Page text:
repurpose

Is your content delivering as much value as it possibly can?

If you don’t repurpose it, it probably isn’t.

It takes 3 hours and 28 minutes, on average, to write a blog post. And much longer for more in-depth posts.

Average time taken to write a blog post

   Source: Orbit Media Studios

That’s a lot of time and effort (and tea and biscuits). So it makes sense to extract every last drop of value from each piece you craft.

Right?

Well, that’s exactly what repurposing your content helps you do.

What is repurposing?

Let’s start at the beginning. Repurposing means changing the format of an existing piece of content so it reaches a new audience. This could be a subset of your target audience or a different audience altogether.

Let’s say you have a blog post about budgeting geared at uni students.

You could repurpose this into a YouTube video. This way, you’d reach uni students who prefer videos over reading.

But you could also repurpose it into a mini-course about budgeting. This would target uni students who want to delve deeper into the topic. At the same time, you might also reach career coaches and counsellors who want to give their students better advice.

5 compelling reasons to repurpose your content

So far so good.

That said, you might be asking yourself:

“What of it? I’ve already written about budgeting for students. Why spend time and effort repurposing it when I could work on something new?”

Well, for five excellent reasons.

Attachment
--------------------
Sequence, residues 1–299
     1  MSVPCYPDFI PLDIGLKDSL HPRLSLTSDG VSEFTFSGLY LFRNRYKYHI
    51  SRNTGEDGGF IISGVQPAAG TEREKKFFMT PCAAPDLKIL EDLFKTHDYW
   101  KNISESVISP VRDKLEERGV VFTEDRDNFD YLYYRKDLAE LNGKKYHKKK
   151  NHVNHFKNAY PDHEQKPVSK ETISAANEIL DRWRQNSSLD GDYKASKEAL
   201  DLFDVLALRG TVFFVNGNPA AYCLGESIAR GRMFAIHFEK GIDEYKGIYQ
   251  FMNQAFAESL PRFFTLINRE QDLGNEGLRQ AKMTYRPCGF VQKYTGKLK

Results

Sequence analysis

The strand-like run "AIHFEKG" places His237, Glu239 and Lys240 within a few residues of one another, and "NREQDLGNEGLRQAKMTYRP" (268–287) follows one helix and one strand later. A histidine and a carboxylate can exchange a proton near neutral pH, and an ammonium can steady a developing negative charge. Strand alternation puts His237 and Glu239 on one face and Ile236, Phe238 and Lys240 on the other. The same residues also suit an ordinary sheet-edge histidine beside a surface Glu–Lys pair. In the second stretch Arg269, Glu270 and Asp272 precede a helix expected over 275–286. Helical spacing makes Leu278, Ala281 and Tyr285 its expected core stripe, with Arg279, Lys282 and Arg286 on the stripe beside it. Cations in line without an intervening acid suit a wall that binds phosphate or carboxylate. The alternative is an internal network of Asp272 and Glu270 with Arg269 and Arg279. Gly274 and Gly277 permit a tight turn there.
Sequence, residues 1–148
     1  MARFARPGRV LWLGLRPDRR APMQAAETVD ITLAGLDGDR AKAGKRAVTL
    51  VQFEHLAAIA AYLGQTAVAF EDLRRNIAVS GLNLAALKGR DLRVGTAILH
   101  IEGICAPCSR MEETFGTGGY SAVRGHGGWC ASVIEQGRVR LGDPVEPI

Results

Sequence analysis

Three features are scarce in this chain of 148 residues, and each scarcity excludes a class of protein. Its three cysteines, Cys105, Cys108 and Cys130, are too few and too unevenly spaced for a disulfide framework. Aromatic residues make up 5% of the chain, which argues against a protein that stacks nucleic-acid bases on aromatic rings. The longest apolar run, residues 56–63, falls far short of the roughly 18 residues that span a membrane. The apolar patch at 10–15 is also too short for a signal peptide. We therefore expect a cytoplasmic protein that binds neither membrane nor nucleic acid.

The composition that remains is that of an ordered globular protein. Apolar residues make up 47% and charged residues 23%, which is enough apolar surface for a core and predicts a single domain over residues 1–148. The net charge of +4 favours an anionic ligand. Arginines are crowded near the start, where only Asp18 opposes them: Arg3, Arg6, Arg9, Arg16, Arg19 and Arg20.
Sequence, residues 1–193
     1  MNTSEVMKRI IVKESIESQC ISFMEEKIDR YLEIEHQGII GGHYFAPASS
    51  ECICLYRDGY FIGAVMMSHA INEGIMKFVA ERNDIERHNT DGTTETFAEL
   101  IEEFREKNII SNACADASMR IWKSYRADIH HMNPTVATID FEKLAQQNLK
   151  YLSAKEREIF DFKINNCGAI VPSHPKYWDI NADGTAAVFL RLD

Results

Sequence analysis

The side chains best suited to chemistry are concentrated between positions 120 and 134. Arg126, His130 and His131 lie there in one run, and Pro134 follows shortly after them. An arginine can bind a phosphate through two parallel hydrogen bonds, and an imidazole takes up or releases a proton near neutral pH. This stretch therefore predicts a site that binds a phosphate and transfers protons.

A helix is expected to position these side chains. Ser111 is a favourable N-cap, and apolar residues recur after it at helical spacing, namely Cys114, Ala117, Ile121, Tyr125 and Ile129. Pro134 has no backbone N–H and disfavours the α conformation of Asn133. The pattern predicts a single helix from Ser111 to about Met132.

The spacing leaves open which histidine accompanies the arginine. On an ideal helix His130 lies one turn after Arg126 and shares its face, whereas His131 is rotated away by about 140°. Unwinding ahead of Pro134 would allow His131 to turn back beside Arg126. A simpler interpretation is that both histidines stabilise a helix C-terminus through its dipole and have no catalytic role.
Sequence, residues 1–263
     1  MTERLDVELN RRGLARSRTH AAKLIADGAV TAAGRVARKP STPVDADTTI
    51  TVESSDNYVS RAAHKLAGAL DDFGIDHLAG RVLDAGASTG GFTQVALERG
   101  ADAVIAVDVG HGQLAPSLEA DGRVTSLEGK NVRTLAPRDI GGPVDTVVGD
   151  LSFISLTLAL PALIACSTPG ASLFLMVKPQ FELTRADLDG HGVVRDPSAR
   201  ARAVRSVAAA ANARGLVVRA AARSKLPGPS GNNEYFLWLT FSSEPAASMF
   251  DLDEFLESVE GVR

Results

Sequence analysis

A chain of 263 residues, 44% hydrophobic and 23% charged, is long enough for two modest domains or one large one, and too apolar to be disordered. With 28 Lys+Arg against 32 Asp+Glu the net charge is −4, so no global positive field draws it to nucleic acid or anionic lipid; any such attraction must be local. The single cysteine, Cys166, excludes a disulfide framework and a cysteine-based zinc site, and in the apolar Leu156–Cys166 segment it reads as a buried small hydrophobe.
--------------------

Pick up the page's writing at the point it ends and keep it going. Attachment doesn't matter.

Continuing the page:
1. To broaden your audience

The more people your content appeals to, the more eyeballs it’ll get. That means more traffic, more engagement, more leads and, ultimately, more of that sweet, sweet moolah.

Blog posts are the most popular type of content marketing. And there’s no doubt they’re effective. In 2018, 71% of B2B buyers engaged with blog content before pulling the trigger on a purchase. And websites with regularly updated blogs get 55% more traffic than ones that don’t have one.

But that doesn’t mean everyone reads blogs. Some people are visual learners. They prefer watching videos or seeing data graphically. And some prefer listening to podcasts.

Even those who do read your blog might not be giving it their full attention. 43% of those surveyed for Hubspot’s 2019 marketing statistics report, for instance, admitted they skim, rather than read the whole thing.

Repurposing your blog posts means you can get your message in front of people you otherwise wouldn’t reach. And, of course, this works both ways. Repurposing podcasts, videos or other content into blog posts means you can reach those who prefer reading over other formats. 

2. It’s good for SEO